First, you have to choose the types of tomatoes which are best for the area. Knight recommends Early Girl if you want a hybrid, but any of the Heirloom varieties also fair well. Stay away from long time plants and go with those that take 70-75 days maximum to mature.
Knight says to wait until the soil has warmed up- if not, they won’t grow. When you plant your tomatoes, they must be planted very deep, deeper than they are in the containers, and five gallon pots. This allows for the plants to grow sturdy and healthy.
In order to prevent late blight, tomatoes must be adequately pruned. Thin and de-leaf the plants so they can dry out, allowing maximum air circulation and also permitting you to easily find blossoms and tomatoes.
Knight recounted that she once gave tomato plants to gardeners at the GH fair and they claimed that the plants didn’t produce tomatoes. “I came in just before fair time and I pruned the plants. I not only found blossoms, which they said weren’t there, I found green tomatoes and ripe ones. They couldn’t believe it. The plants were so thick they couldn’t find the tomatoes,” Knight explained.
A common mistake among gardeners is cutting the suckers (the branch that comes off the leaf joint) off the plant because they don’t produce tomatoes. This is devastating to the plant, however, as the suckers product about 85% of its food. Knight explained, “Keep the suckers on by take some of the leaves off to open the plant up.”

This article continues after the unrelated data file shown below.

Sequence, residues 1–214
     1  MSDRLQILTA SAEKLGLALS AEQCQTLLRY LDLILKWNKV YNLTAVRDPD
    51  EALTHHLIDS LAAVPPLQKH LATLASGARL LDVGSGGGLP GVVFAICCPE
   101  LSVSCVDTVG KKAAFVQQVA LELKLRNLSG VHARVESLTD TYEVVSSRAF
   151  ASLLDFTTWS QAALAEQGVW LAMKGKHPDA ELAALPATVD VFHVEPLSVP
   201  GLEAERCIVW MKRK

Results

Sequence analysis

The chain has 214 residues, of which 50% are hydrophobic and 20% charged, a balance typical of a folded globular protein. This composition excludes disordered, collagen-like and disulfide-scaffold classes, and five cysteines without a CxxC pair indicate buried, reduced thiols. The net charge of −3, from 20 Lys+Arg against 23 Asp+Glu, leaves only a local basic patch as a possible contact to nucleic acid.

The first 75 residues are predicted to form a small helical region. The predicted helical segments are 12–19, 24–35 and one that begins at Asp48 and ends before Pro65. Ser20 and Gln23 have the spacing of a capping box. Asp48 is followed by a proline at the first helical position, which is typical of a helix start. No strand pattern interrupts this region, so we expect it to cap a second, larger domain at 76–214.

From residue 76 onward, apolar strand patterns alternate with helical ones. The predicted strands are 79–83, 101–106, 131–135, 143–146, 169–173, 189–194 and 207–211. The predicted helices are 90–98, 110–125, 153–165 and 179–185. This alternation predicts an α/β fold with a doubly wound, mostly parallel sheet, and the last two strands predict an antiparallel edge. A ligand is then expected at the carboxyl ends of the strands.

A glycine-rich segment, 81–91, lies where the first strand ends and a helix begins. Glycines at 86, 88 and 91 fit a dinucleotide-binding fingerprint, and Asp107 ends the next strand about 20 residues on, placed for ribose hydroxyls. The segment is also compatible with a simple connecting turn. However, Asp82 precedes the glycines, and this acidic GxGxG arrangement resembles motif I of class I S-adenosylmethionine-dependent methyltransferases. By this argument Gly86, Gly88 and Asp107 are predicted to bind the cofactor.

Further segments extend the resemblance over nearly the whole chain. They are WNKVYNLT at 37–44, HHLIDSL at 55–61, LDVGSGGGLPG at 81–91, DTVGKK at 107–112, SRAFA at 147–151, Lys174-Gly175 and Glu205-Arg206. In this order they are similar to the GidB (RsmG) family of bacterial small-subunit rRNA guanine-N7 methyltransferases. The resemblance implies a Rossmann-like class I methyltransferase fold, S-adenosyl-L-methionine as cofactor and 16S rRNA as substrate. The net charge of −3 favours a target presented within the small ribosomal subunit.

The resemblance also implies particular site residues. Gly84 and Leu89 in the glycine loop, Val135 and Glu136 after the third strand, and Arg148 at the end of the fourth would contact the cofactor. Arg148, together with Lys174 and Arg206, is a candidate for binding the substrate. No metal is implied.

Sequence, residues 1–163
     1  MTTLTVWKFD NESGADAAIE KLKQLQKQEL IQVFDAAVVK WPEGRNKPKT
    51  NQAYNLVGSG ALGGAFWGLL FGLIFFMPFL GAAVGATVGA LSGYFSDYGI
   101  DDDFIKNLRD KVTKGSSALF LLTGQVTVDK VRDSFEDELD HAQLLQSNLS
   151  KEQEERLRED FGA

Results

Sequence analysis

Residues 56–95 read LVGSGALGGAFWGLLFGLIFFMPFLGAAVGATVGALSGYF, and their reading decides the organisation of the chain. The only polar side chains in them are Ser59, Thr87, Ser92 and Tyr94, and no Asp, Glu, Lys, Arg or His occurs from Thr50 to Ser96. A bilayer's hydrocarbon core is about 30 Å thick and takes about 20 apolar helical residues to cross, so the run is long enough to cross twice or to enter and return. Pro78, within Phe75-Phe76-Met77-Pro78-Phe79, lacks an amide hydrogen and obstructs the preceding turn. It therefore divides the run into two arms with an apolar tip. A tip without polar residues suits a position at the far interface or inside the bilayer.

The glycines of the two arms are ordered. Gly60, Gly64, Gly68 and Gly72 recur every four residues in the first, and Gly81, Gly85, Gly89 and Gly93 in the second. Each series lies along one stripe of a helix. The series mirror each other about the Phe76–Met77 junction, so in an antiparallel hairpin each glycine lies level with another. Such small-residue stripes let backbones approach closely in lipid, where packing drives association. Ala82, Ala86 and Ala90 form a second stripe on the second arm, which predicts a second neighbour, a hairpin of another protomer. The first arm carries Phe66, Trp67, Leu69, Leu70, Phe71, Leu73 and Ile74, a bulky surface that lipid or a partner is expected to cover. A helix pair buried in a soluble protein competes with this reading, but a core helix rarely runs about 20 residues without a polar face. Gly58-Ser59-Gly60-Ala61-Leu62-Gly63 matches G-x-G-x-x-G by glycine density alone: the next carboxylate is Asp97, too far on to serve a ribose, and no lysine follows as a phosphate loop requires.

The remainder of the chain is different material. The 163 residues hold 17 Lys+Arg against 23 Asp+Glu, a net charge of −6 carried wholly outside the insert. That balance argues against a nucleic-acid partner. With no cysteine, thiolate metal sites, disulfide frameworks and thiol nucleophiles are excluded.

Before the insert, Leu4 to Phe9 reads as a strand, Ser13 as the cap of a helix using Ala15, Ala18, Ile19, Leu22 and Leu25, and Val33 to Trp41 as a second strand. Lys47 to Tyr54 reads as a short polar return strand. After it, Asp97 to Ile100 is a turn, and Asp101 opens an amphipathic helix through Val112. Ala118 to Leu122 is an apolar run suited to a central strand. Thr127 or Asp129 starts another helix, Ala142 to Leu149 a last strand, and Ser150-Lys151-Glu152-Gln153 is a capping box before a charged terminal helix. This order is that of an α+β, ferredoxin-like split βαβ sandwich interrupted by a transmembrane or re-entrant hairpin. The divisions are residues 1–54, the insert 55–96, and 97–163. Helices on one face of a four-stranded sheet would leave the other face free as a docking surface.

Knight also demonstrated the most efficient way to pollinate the tomato plant. “All you have to do is tap the blossom or shake the plant,” Knight said. “Most people want to use that spray, but this is a lot cheaper and a lot more effective. It’ll work regardless of the weather. . . One year I had a tomato plant with one blossom in my bedroom in December. I hand pollinated it and then picked a tomato in February. So I know darn well that it works.”
Knight can be reached at Cindy’s Plant Stand, 1199 Monte-Elma Road Elma, WA 98541, and (360) 482-3258.